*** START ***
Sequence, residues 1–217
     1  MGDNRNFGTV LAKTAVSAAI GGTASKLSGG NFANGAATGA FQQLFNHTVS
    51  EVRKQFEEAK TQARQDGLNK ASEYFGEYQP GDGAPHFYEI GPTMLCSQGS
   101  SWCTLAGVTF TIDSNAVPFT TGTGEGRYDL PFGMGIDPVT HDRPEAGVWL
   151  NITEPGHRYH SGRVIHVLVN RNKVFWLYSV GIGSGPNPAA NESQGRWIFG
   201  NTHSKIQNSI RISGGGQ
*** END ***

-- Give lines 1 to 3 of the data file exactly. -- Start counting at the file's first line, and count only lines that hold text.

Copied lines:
Sequence, residues 1–217
     1  MGDNRNFGTV LAKTAVSAAI GGTASKLSGG NFANGAATGA FQQLFNHTVS
    51  EVRKQFEEAK TQARQDGLNK ASEYFGEYQP GDGAPHFYEI GPTMLCSQGS